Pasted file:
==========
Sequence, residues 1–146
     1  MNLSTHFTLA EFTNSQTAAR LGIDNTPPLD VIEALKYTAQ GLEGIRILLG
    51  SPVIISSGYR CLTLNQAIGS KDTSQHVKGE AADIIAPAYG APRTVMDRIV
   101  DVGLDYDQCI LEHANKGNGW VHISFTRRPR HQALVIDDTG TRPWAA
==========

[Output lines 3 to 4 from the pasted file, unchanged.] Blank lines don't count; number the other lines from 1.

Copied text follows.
    51  SPVIISSGYR CLTLNQAIGS KDTSQHVKGE AADIIAPAYG APRTVMDRIV
   101  DVGLDYDQCI LEHANKGNGW VHISFTRRPR HQALVIDDTG TRPWAA